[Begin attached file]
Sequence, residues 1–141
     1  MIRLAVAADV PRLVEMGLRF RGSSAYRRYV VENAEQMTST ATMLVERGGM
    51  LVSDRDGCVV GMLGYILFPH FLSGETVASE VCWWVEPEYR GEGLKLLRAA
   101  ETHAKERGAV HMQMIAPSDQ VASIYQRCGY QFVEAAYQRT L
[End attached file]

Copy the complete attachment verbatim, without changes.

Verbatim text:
Sequence, residues 1–141
     1  MIRLAVAADV PRLVEMGLRF RGSSAYRRYV VENAEQMTST ATMLVERGGM
    51  LVSDRDGCVV GMLGYILFPH FLSGETVASE VCWWVEPEYR GEGLKLLRAA
   101  ETHAKERGAV HMQMIAPSDQ VASIYQRCGY QFVEAAYQRT L